Cheers spill from Bell MTS Place into Winnipeg streets as Jets cage Predators in Nashville

Their team was 2,000 kilometres away but Jets fans' cheers filled the Bell MTS Place as if the players were on the ice Friday night when Winnipeg got its first-ever second-round NHL playoff win in Game 1 in Nashville.

Fans fill Bell MTS Place to watch Game 1 from Nashville, but destroy car first to send message to Preds fans

Blair Mensforth (left) celebrates with family and friends after watching the Jets take down the Predators on the scoreboard at Bell MTS Place. Game 1 of the second-round series was played in Nashville. (Bryce Hoye/CBC)

Their team was 2,000 kilometres away but Jets fans' cheers filled the Bell MTS Place as if the players were on the ice Friday night when Winnipeg got its first-ever second-round NHL playoff win in Game 1 in Nashville. 

And as diehard as they are, one pattern that seemed to emerge as fans streamed out of the arena was a sense of surprise at the score.

"It was pretty unreal, I don't know if anyone expected us to walk away with a 4-1 victory in the opening game, but what a party inside" Blair Mensforth said outside Bell MTS Place as fans walked by on the sidewalk shouting "Go Jets Go."

"When is the last time you see a team put almost 50 shots on the opposing team's netminder, and then have to pull their own goaltender with minutes left to go? You just don't expect that."

Thousands watched on the scoreboard in Bell MTS Place as the Jets won in a packed Bridgestone Arena in Nashville. The Predators' out-shot the Jets and their lone goal ended Jets goaltender Connor Hellebuyck's 163-minute playoff shutout streak, but it was no match for goals from Brandon Tanev, Paul Stasny and Mark Scheifele, including an empty-netter late in the third period to seal the deal.

Jets fans of all ages were getting rowdy on their way into the game. (Wendy Buelow/CBC)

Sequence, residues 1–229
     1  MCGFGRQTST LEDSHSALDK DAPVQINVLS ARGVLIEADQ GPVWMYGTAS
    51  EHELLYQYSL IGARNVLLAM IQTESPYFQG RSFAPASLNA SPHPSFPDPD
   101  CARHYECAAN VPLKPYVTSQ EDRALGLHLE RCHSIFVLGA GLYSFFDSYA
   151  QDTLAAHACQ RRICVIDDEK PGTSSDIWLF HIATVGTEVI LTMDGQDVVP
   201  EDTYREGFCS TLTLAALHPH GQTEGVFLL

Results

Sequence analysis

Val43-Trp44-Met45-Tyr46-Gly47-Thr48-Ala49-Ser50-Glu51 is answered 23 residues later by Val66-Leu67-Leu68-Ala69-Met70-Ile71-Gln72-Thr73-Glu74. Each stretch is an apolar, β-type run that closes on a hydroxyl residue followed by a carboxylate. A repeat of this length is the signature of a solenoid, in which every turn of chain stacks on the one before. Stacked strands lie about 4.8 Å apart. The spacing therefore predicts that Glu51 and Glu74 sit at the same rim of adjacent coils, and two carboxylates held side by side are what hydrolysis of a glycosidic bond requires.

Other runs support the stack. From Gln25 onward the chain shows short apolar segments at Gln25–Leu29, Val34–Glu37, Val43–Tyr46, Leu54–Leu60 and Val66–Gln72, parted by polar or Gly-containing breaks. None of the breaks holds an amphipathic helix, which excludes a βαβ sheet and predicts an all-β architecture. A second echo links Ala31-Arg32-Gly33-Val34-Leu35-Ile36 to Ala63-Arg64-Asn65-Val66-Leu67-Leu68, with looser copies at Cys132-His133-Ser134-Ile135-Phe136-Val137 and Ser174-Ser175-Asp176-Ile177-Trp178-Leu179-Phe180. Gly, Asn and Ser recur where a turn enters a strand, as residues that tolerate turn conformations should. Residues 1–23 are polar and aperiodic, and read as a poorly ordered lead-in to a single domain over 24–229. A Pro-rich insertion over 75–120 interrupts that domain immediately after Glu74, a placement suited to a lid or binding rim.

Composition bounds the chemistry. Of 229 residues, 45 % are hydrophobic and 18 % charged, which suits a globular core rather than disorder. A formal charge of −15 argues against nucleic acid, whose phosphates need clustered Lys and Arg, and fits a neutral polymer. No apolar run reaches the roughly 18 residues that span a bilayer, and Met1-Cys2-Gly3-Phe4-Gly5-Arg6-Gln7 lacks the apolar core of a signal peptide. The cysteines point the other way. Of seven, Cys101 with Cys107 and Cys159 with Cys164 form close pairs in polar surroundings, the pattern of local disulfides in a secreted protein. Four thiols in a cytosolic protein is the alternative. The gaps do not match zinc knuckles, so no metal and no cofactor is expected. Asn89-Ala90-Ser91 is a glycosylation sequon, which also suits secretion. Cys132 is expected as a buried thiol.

Winnipeg hasn't won a second-round playoff game since it was part of the World Hockey Association in 1979. The previous incarnation of the NHL Jets made it to the second-round twice but got swept each time by the Gretzky-era Edmonton Oilers in 1985 and 1987.

True North Sports & Entertainment invited fans indoors to watch Game 1 after a series of successful street parties downtown in the first round against Minnesota. The Jets ousted the Wild in five games to set up their series against Nashville in the second round.

Justin Lyons (left) and Jen Enns (second from right) say they expected more from the Predators in Game 1. (Bryce Hoye/CBC)

Justin Lyons said the atmosphere in Bell MTS Place was pretty close to as electric as it's been for home games this playoff season.

"I thought it'd be a lot closer to be honest, but the Jets came out and they dominated," Lyons said, adding he's attended all the whiteout street parties thus far.

"Everything was white … lot of energy, lot of noise," said Jen Enns. "Game 1 I thought was going to be tougher than it was."

Chad Gilbert says he had the costume kicking around, so why not throw it on and fit in with the rest of costume-wearing Jets fans. (Wendy Buelow/CBC)

Chad Gilbert showed up to watch in a Stay Puft Marshmallow Man costume.